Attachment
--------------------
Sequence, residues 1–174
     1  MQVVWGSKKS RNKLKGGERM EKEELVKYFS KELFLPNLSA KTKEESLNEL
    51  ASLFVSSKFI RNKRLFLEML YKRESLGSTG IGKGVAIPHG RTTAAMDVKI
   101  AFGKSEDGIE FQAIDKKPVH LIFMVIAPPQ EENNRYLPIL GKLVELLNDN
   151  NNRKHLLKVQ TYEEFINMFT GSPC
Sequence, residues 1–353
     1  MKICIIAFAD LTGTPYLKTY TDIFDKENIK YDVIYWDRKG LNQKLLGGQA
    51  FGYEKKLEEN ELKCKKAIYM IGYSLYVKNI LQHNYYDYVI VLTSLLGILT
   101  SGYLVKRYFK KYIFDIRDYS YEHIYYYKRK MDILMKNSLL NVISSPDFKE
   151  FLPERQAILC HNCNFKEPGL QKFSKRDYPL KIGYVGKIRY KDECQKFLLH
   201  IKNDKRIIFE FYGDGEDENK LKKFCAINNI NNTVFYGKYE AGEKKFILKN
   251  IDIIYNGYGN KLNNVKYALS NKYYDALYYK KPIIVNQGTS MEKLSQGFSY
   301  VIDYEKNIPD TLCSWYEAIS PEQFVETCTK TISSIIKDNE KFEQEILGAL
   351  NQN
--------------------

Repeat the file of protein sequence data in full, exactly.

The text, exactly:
Sequence, residues 1–174
     1  MQVVWGSKKS RNKLKGGERM EKEELVKYFS KELFLPNLSA KTKEESLNEL
    51  ASLFVSSKFI RNKRLFLEML YKRESLGSTG IGKGVAIPHG RTTAAMDVKI
   101  AFGKSEDGIE FQAIDKKPVH LIFMVIAPPQ EENNRYLPIL GKLVELLNDN
   151  NNRKHLLKVQ TYEEFINMFT GSPC
Sequence, residues 1–353
     1  MKICIIAFAD LTGTPYLKTY TDIFDKENIK YDVIYWDRKG LNQKLLGGQA
    51  FGYEKKLEEN ELKCKKAIYM IGYSLYVKNI LQHNYYDYVI VLTSLLGILT
   101  SGYLVKRYFK KYIFDIRDYS YEHIYYYKRK MDILMKNSLL NVISSPDFKE
   151  FLPERQAILC HNCNFKEPGL QKFSKRDYPL KIGYVGKIRY KDECQKFLLH
   201  IKNDKRIIFE FYGDGEDENK LKKFCAINNI NNTVFYGKYE AGEKKFILKN
   251  IDIIYNGYGN KLNNVKYALS NKYYDALYYK KPIIVNQGTS MEKLSQGFSY
   301  VIDYEKNIPD TLCSWYEAIS PEQFVETCTK TISSIIKDNE KFEQEILGAL
   351  NQN